[0071] Note that, if the graphics application 23 is configured to produce steroegraphic data instead of non-stereographic data, a process similar to the one depicted by FIGS. 7 and 8 may be employed to synchronize the image frames in the video data streams 28. In this regard, each set of buffering logic 50 may be configured to perform the steps shown by FIG. 7. However, between blocks 204 and 207, the buffering logic 50 preferably receives another image frame and writes this received image frame to its input frame buffer 46 or 47, as shown by block 266 of FIG. 9. Accordingly, one perspective of a newly received image is written to the input frame buffer 46 or 47 in block 201, and the other perspective of the same newly received image is written to the input frame buffer 46 or 47 in block 266. Therefore, in block 267, both perspectives of a newly received image frame are output via two consecutive image frames.

[0072] After outputting both perspectives of the newly received image frame, the logic 50 then checks, in block 268, to determine whether the last image frame received by the logic 50 (i.e., the image frame most recently received in block 267) defines the same image as the image defined by the last image frame being output in block 267. If so, the logic 50 proceeds to block 207. Otherwise the logic proceeds to block 201.

[0073] Furthermore, the output buffering logic 64 performs essentially the same steps shown by FIG. 8 when the logic 64 is processing stereographic data. However, as shown by FIG. 10, instead of writing a single image frame after block 246, the logic 64 writes the next two image frames to its input frame buffer 81 or 82 in block 273. Each of these two image frames preferably define a different perspective of the same image. Note that each of these image frames is output in block 274.

[0074] It should also be noted that having each set of buffering logic 50 to perform a buffer swap, via implementation of block 214 (FIG. 7), at the same time is not a necessary feature of the present invention. For example, in another embodiment, each set of buffering logic 50 may be configured to perform a buffer swap when it detects that the most recent image frame defines a new image in block 204. However, in such an embodiment, the set of buffering logic 50 is preferably configured to output the new image in response to a determination that all of the other sets of buffering logic 50 have similarly received a new image. In this regard, instead of performing a buffer swap in response to a determination that each set of buffering logic 50 has received a new image, as described above for FIG. 7, each set of buffering logic 50 outputs the new image in response to such a determination.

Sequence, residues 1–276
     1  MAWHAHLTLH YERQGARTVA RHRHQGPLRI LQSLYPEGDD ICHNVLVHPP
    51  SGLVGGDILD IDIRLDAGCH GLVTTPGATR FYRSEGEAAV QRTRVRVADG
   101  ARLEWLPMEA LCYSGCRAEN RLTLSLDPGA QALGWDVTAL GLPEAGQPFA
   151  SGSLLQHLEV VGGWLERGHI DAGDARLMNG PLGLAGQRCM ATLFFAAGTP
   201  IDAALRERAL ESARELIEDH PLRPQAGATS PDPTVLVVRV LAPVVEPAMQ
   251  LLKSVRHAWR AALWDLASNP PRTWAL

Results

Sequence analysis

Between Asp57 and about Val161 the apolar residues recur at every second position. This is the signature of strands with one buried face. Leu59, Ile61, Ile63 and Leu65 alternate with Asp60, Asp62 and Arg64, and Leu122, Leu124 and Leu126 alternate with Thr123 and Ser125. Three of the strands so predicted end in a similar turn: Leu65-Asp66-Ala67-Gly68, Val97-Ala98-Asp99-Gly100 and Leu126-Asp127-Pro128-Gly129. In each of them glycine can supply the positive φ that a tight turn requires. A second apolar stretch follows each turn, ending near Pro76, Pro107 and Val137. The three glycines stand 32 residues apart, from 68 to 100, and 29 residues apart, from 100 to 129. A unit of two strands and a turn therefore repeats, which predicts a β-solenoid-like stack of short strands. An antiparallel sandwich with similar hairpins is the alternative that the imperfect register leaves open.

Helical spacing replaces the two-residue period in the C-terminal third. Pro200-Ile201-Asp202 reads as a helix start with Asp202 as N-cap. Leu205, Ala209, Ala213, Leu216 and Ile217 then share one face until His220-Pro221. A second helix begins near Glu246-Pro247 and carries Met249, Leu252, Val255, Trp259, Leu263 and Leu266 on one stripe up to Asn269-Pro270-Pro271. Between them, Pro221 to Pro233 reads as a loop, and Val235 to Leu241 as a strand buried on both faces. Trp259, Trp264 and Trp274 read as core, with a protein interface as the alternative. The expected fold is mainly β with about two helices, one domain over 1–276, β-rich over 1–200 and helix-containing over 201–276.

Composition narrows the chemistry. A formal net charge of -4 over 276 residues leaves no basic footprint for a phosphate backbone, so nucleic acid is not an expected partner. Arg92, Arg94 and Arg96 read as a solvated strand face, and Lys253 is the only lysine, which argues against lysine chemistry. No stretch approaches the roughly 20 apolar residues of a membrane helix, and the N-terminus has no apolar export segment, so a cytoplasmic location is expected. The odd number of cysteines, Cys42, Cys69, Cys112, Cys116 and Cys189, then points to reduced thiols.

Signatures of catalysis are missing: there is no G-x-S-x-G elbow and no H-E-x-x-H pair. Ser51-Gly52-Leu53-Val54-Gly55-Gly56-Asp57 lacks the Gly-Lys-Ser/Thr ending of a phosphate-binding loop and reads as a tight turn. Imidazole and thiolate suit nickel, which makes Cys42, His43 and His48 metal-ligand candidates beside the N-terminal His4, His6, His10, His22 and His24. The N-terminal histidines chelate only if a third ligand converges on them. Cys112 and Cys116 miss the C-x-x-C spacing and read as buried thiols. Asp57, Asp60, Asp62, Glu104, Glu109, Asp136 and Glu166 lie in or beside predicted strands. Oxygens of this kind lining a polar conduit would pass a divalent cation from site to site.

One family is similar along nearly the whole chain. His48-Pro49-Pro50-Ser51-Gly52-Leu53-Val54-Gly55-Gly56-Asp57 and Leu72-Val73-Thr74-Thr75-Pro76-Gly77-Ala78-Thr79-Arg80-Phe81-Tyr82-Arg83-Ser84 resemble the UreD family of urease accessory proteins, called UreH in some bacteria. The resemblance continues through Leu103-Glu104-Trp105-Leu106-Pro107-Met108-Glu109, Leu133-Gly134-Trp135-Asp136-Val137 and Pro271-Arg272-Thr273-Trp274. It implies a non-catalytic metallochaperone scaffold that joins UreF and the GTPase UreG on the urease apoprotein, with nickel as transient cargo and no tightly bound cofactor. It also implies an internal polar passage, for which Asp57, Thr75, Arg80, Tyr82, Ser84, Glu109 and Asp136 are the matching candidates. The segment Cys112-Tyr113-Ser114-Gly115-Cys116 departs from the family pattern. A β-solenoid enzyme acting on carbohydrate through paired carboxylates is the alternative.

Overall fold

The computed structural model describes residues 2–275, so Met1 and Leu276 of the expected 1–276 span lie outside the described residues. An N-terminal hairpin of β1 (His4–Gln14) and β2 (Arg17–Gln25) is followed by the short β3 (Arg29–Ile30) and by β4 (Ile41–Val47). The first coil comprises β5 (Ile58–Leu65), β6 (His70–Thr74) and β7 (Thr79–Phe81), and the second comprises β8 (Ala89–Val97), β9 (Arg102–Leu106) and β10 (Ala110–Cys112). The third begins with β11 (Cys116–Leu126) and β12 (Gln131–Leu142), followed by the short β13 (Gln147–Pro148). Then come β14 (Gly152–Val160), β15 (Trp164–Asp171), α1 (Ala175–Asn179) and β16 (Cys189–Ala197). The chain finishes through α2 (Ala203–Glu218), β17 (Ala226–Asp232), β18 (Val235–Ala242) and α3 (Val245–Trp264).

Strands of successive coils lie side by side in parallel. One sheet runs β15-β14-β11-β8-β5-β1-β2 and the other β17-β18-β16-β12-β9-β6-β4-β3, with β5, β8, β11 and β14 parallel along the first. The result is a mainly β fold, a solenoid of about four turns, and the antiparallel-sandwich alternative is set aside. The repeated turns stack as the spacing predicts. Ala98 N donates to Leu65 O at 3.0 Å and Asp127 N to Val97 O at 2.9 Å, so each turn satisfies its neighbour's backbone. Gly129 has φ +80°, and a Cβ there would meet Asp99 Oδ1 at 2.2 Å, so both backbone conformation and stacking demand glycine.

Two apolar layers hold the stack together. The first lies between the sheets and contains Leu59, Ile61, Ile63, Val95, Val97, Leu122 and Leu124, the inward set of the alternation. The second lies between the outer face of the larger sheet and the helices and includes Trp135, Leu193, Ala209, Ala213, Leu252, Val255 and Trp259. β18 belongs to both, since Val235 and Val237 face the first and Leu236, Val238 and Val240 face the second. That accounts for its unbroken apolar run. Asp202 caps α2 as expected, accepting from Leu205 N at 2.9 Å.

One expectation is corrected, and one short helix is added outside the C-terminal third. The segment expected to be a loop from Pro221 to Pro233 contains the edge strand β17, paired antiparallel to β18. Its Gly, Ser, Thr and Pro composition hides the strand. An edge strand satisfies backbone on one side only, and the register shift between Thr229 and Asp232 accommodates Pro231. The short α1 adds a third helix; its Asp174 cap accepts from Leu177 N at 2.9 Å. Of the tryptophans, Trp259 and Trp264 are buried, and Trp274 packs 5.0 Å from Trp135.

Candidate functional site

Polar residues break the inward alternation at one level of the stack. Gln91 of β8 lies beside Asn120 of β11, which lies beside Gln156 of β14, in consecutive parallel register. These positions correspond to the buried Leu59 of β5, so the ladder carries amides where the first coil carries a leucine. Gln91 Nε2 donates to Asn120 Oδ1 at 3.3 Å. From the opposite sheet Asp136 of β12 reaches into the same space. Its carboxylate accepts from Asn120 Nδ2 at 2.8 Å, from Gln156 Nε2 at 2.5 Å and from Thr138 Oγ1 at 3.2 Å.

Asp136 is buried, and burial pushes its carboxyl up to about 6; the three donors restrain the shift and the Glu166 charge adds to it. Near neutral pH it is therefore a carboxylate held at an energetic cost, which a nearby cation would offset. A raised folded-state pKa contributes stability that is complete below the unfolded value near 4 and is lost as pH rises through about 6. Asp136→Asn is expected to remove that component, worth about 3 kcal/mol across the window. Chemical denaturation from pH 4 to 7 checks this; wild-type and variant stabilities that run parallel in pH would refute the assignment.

[0075]FIG. 11 depicts another exemplary architecture and functionality of the buffering logic 50 in such an embodiment. As can be seen by comparing FIG. 7 to FIG. 11, the operation of the buffering logic 50 is the same in both embodiments except that in FIG. 11, block 214 is performed prior to, rather than subsequent to, block 211. However, performance of block 214 prior to block 211 does not change the effect of synchronously transmitting a new set of image frames in block 221 in response to assertion of signal 79. Moreover, in the embodiment depicted by FIG. 11, each of the sets of buffering logic 50 may perform buffer swaps at different times, but each of the sets of buffering logic 50, as in the embodiment shown by FIG. 7, preferably output an image frame of a new image at the same time (i.e., in block 221).

[0076] It should be noted that there are various methodologies, other than those described herein, for performing buffer swaps. For example, it is possible to employ a double buffer configuration where one of the buffers is always written to and where the other buffer is always read from. In such an embodiment, a buffer swap is performed by transferring data from the one frame buffer (i.e., the frame buffer being written to) to the other frame buffer (i.e., the frame buffer being read from). Moreover, such a double buffer configuration is generally well-known any may be utilized for implementing the buffers 46 and 47 of the synchronization system 15, if desired.

Referenced by
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Classifications
U.S. Classification345/539
International ClassificationG09G5/399, G09G5/36, G06F3/14, G09G5/393
Cooperative ClassificationG09G2352/00, G09G5/363, G06F3/1423, G09G5/18, G09G5/399, G09G2340/12, G09G5/393
European ClassificationG09G5/36C, G09G5/393